The obstruction of the United States Congress by the Republican opposition has again hit the foreign action of the world’s leading power, this time in the war between Hamas and Israel. Washington was neither ambassador to Israel, the United Arab Emirates, nor assistant in the Middle East, head of counterterrorism at the Department of State, nor director of USAID, the equivalent of the Spanish Development Cooperation Agency (Aecid).
Likewise, the promotion of more than 300 senior officers of the Armed Forces has been paralyzed by the Republican Party, which recently agreed, on an unusual basis, to approve the appointment of the chief of the general staff—the equivalent of the Spanish Jemad—Charles Brown and the commander of the Marine Corps, Eric Smith.
The paralysis reflects the impact of foreign policy on the political confrontation in Washington and, above all, the blocking position of the Republican minority, protected by the arcane rules of the Senate that, literally, allow a senator to block any teaching or whatever legislative initiative. The rules of the Senate, which in many ways can be seen to function like a Medieval Court or, even worse, a version of the House of Lords, even allow lawmakers to ignore appointments.
The cascade of blockades reached such an extreme that the government of Biden, completely demoralized, did not even bother to formally propose the ratification of Jack Lew as a candidate for ambassador to Jerusalem when his predecessor, Thomas Nides, who was also appointed by Biden, left the office. Since then, the embassy’s number two, Stephanie Hallett, has held the position on an interim basis.
This is not a dramatic situation; far from it, given the deer Ambassador positions are less expensive than those auctioned off by major donors to presidential campaigns, so career diplomats often have a better understanding of the State Department bureaucracy than ambassadors. In addition, the communications between the governments are now very direct—Joe Biden and Benjamin Netanyahu speak daily, even if they do not see each other—which allows the situation to be saved.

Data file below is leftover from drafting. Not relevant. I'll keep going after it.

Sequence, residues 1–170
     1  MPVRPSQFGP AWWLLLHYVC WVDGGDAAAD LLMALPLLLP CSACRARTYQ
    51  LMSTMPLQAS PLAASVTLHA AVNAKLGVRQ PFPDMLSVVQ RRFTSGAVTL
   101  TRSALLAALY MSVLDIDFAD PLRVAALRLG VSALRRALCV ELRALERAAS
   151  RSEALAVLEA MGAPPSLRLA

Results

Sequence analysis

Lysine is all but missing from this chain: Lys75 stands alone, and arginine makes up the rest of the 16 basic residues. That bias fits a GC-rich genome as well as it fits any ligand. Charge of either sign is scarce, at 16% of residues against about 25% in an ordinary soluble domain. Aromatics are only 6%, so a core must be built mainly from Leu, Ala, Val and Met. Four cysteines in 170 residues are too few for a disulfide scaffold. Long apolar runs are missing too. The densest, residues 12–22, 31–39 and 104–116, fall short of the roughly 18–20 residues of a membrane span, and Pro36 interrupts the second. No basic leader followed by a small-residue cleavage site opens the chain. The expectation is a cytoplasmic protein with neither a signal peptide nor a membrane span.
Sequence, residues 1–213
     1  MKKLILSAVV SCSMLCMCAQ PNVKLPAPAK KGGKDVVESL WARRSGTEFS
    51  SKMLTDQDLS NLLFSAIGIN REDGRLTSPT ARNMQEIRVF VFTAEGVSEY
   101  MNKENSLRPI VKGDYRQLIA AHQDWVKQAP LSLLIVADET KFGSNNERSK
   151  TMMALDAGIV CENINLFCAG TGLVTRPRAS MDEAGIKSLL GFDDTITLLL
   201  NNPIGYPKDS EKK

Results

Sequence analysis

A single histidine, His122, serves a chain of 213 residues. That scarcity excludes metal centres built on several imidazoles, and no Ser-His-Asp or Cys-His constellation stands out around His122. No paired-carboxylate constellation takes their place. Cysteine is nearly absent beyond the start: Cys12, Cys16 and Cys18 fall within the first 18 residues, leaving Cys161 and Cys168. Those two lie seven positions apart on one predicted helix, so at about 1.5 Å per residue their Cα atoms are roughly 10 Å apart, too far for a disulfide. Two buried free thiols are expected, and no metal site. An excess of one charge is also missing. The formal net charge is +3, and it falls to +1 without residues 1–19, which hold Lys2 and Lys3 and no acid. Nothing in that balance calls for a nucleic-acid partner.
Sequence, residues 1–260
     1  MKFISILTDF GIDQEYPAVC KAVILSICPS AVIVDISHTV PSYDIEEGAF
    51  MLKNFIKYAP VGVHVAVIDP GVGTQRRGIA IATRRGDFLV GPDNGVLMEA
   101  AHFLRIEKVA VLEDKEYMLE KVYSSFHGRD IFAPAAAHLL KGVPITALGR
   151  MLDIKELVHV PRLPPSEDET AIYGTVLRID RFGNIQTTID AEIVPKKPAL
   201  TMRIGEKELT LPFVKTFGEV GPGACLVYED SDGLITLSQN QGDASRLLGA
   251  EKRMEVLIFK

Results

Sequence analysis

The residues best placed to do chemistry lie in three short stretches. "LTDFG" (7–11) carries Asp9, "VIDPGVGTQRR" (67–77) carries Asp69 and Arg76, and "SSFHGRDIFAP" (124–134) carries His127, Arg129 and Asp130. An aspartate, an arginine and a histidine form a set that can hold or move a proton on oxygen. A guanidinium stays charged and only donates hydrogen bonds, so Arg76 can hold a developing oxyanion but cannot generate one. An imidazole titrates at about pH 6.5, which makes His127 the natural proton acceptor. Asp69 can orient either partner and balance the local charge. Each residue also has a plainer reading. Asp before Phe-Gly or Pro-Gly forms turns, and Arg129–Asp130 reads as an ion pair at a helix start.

But those solutions are, at best, patches. Nothing beats the presence on the ground at the highest level, and this is especially true for the United States, a country that gives absolute priority to the situation of its citizens abroad, where the most important thing today is the search for approximately 20 missing nationals and 14 kidnapped by Hamas.
The most surprising case in recent times is that of Ukraine. from Donald Trump That country’s ambassador, Marie Yovanovich, was expelled after a smear campaign because of her refusal to allow the activities of Joe Biden’s son, Hunter, in that country to be used for political purposes. Kiev was left without a diplomatic representative at the highest level for three years. I mean, when Russia attacked Ukraine, the US did not have an ambassador in the country.
However, ambassadors do not only increase the relevance of the institution. They can also provide political and institutional contacts—in the country of origin and in the country of residence—that a career civil servant lacks. That is the case of Lew, who became the Director of Operations of Citigroup, the fourth largest bank in the US by assets, and, above all, Secretary of the Treasury in the second term of Barack Obama. Nides is the CEO of Wall Street giant Morgan Stanley and holds senior positions in the Obama administration.
The problem is exacerbated by the fact that the blockades have nothing to do with the fairness or suitability of the candidates for the positions. In 2021, Cruz blocked the confirmation of 60 ambassadors for months to demand changes in US policy toward Russia that he himself did not even support. Republican Party. Currently, Alabama Senator Tommy Tuberville has refused to approve the promotion of hundreds of Armed Forces officers over the Pentagon’s policy of facilitating abortion for soldiers at bases located in states where the practice is practiced
The internal turmoil in the United States, therefore, seems to continue to block the country’s reaction, despite the consensus between Democrats and Republicans to protect Americans in the area and give Israel all the support it needs.